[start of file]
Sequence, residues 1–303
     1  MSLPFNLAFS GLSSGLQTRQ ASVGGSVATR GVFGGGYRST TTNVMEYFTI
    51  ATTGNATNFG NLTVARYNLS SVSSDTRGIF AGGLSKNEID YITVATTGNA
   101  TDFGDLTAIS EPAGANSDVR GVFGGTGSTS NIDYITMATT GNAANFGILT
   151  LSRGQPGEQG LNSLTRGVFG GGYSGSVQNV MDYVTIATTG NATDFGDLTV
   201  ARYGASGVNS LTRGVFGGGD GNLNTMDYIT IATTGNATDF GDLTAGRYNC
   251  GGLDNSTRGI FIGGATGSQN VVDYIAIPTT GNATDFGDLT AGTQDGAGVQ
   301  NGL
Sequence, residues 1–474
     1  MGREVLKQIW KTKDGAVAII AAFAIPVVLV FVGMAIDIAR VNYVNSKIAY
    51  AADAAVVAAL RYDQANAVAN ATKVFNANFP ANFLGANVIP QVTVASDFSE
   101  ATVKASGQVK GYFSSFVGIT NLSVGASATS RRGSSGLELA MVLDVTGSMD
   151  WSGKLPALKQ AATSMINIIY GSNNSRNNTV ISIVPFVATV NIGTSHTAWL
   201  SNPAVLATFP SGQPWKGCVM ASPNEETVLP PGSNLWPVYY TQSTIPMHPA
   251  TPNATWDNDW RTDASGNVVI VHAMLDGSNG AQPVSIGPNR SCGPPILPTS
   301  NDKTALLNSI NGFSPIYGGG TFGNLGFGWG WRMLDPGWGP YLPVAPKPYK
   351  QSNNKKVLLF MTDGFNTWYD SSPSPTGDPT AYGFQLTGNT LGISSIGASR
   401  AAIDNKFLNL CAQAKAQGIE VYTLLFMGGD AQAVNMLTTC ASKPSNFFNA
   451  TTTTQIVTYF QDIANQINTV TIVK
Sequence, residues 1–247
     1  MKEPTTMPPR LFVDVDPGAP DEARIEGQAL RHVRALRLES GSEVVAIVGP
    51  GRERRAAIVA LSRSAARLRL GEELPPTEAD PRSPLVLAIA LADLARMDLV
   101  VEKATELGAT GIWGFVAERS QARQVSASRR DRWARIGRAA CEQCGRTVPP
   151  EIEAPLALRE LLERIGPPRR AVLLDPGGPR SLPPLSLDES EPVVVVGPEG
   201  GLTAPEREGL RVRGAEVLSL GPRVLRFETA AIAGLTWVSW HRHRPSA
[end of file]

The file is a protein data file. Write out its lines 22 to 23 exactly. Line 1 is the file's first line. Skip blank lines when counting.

    51  GRERRAAIVA LSRSAARLRL GEELPPTEAD PRSPLVLAIA LADLARMDLV
   101  VEKATELGAT GIWGFVAERS QARQVSASRR DRWARIGRAA CEQCGRTVPP